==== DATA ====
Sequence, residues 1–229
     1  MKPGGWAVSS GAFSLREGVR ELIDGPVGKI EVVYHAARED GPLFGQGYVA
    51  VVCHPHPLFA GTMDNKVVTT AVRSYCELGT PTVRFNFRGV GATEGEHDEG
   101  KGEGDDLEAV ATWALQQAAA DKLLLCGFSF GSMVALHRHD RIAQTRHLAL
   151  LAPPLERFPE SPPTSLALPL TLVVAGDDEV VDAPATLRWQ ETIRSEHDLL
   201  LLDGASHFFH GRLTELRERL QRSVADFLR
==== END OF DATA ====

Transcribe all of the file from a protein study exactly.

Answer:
Sequence, residues 1–229
     1  MKPGGWAVSS GAFSLREGVR ELIDGPVGKI EVVYHAARED GPLFGQGYVA
    51  VVCHPHPLFA GTMDNKVVTT AVRSYCELGT PTVRFNFRGV GATEGEHDEG
   101  KGEGDDLEAV ATWALQQAAA DKLLLCGFSF GSMVALHRHD RIAQTRHLAL
   151  LAPPLERFPE SPPTSLALPL TLVVAGDDEV VDAPATLRWQ ETIRSEHDLL
   201  LLDGASHFFH GRLTELRERL QRSVADFLR